Understeer Going to Snap Oversteer Explained
In both simracing and real racing, it seems when drivers complain about an understeering car, the same car will likely suddenly go to oversteer on corner exit. That is provided the car is rear wheel drive and has a fair amount of power. Understeer is evil, but the associated snap oversteer is quite likely your own fault to some extend!
The most basic explanation for oversteer and understeer is to compare the cornering grip provided by the front tires with the rear tires. If the front tires produce more grip than the rears, you get oversteer. If the rears grip more than the fronts, you have understeer. With rear wheel drive, adding throttle will take away some rear end cornering grip, which may lead to oversteer. On the front, the amount of steering decides on grip levels. And there you have it, the balancing act between throttle and steering that makes driving a potent rear wheel drive car such a challenge and so much fun!
At the very least when the car understeers you want to maximize the front grip, even though there isn’t enough to make the car handle neutral. Typically your steering wheel angle versus front car cornering grip looks like this:
Clearly as you turn the wheel more than some 120 degrees, you will start to loose front cornering grip. It is very tempting when the car understeers, to apply too much steering. As you can see, this only reduces front grip and makes the understeer worse!
So where does snap oversteer come from? If like many drivers you can’t resist applying too much steering lock when the car understeers you’re in trouble. You wildly step on the throttle and now rear traction is lost because you aggressively use the power, giving us oversteer. Either you want to increase rear grip or reduce front grip to balance the car. Once you are committed to the throttle, the natural thing is to reduce front grip by straightening out the steering wheel. Lets make a few snapshots of what happens during a ‘snap oversteer’ situation.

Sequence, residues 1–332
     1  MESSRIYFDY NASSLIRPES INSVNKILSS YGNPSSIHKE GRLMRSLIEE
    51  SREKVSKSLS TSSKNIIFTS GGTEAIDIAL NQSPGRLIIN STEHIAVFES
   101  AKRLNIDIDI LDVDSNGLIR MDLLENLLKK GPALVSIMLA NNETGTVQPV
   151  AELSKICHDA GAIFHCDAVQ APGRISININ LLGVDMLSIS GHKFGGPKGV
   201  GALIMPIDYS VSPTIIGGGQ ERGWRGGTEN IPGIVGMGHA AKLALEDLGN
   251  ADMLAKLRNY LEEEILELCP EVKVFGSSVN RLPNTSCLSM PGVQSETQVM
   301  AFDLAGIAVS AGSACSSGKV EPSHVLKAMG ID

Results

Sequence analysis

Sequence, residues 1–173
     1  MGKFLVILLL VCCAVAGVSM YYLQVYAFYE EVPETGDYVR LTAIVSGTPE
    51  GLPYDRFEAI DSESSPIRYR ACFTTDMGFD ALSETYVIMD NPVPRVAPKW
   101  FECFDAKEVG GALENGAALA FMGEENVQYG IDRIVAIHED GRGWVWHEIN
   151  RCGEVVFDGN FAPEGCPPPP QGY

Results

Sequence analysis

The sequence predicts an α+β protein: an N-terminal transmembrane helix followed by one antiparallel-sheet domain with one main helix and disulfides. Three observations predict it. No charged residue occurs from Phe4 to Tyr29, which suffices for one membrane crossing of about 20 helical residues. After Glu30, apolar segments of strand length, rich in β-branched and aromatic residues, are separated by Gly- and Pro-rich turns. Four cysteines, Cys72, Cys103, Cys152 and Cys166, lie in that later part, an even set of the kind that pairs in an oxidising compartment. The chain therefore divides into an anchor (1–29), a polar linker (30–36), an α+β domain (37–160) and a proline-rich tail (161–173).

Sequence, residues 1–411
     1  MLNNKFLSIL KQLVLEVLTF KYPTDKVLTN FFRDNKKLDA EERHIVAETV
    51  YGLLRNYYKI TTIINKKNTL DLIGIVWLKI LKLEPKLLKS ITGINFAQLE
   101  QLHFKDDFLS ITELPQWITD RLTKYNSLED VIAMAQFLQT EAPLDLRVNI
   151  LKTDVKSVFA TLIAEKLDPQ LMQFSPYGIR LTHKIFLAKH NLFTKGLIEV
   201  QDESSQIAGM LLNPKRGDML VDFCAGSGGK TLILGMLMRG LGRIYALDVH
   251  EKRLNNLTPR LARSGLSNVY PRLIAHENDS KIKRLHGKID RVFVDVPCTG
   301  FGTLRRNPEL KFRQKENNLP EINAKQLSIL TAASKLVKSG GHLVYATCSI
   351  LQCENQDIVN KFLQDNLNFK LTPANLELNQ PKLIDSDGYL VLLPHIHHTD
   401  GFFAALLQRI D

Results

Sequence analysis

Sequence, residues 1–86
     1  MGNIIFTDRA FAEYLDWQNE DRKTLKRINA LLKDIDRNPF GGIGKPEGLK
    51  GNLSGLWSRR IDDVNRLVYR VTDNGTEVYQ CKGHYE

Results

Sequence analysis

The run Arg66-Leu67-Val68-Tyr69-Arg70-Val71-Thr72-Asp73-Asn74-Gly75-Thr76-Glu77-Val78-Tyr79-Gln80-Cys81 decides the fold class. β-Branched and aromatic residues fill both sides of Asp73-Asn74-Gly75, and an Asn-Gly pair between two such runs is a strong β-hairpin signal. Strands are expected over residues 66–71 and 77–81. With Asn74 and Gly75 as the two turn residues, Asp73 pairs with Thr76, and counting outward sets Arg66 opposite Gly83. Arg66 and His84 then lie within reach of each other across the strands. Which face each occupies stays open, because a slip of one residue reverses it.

Doing it wrong:
1) You apply full throttle and you notice oversteer, but you have too much steering angle applied:
4) Finally you’ve taken front grip away, but by this time you’re in trouble, the car is very sideways and you will need all your skills to catch the slide, and try to avoid the ‘swing back’ or ‘tankslapper’.
Doing it right:
You have understeer but managed to apply just enough steering to maximize front end grip. You add power and oversteer starts:
Front grip is instantly removed and you instantly control the oversteer with each degree of steering and each millimeter of throttle pedal movement. With no excessive steering to unwind first, the oversteer doesn’t feel as harsh as you simply immediately control it.
Applying too much steering lock in understeer is very common but it actually reduces front grip even more. It also means you have excessive steering to unwind before you start to correct for oversteer. In fact, when you start to unwind the steering, you actually increase front grip, making the oversteer worse. You will first increase the oversteer, before finally straightening the wheel or applying opposite lock. By this time, you may already be crashing!
Searching for the ideal steering angle that gives maximum grip will minimize the understeer. When you get oversteer in this situation, the instant you unwind the steering, you will start to correct the slide. It it much less likely to get out of hand.
It is part of the driver skill to know when to stop turning the steering wheel in an understeer situation. It depends on the tires, steering rack properties, but also what the car is currently doing and how fast it is going. There is no hard number for each car. You can get an idea if you have access to a skidpad and you have G force telemetry on your (virtual) car. Drive at a constant speed (say rev limiter in 1st gear) and very slowly increase your steering angle. Cornering G force will start to build up. At some point, steering more won’t cause an increase in G force. In that situation, that is the amount of steering you must apply. On the track, it may be slightly different but its not a bad rule of thumb to use!
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